When interacting with Mathematica, I often find myself staring blankly at waves of curly braces, trying to understand how data is organized hierarchically. For example, the beginning of the result to

WolframAlpha["temperature in Toronto yesterday", "DataRules"]

looks like this:

Waves of curly braces

To visualize the hierarchy, I typically turn to TreeForm, but that's often unwieldy. There's no way to collapse parts of the tree you don't care about (as there would be in, say, a file system browser), so the visualization frequently spreads well off screen or is illegibly small. For example,

TreeForm[WolframAlpha["temperature in Toronto yesterday", "DataRules"]]


TreeForm of a WolframAlpha query

Is there a better way?

  • 6
    $\begingroup$ "staring blankly at waves of curly braces" is a song by Pink Floyd $\endgroup$ Oct 24, 2013 at 0:09
  • 1
    $\begingroup$ TableForm works pretty well for that particular example. $\endgroup$
    – C. E.
    Oct 24, 2013 at 0:25
  • 1
    $\begingroup$ Is something like this what you are looking for? mathematica.stackexchange.com/questions/29339/… $\endgroup$ Oct 24, 2013 at 1:46
  • $\begingroup$ Or this? $\endgroup$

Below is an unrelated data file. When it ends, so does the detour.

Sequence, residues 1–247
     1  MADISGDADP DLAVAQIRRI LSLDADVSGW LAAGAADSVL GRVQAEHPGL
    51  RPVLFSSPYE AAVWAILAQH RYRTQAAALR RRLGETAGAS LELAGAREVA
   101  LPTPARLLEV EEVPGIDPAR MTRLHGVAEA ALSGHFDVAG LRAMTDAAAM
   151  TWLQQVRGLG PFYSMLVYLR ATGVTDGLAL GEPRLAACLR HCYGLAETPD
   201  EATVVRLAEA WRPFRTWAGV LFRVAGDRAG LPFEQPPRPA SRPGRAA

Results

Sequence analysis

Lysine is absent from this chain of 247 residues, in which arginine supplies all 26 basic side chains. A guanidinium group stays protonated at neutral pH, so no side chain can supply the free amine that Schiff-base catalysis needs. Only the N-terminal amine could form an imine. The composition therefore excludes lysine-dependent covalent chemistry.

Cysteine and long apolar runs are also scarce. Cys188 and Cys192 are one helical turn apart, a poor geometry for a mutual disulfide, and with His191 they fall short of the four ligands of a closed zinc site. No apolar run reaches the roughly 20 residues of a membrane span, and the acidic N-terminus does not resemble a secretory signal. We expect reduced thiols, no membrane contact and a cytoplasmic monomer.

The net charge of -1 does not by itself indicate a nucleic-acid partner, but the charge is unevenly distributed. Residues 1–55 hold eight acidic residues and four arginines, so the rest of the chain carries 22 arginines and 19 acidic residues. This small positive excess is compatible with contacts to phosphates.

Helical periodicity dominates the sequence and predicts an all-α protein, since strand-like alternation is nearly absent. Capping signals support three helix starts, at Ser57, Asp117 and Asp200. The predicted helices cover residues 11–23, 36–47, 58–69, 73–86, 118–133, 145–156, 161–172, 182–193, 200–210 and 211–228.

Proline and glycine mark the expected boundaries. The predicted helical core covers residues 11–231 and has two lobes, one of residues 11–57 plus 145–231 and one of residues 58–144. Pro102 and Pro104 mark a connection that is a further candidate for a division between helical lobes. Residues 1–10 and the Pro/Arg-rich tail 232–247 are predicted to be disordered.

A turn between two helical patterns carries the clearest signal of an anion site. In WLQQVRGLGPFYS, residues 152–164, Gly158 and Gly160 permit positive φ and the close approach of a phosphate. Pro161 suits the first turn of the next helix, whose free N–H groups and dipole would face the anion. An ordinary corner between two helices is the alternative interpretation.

– cormullion
    Oct 24, 2013 at 6:52
  • $\begingroup$ Thanks for the lead, @Mike. TraceView led me to the OpenerTree example in Virtual Book, which is a good start. $\endgroup$
    – duozmo
    Oct 24, 2013 at 21:39

1 Answer 1

data = WolframAlpha["temperature in Toronto yesterday", "DataRules"];

Is this enough?

Column[OpenerView[{#, Switch[Head[#2], 
   List, Pane[Column@#2, {Full, 200}, Scrollbars -> True], 
   _, #2]}
] & @@@ data]

enter image description here

  • $\begingroup$ Certainly works well for Wolfram Alpha output, which has a consistent nesting structure. For arbitrarily nested lists, I'm still using OpenerTree from Virtual Book. $\endgroup$
    – duozmo
    Nov 14, 2015 at 15:45

Your Answer

By clicking “Post Your Answer”, you agree to our terms of service and acknowledge you have read our privacy policy.

Not the answer you're looking for? Browse other questions tagged or ask your own question.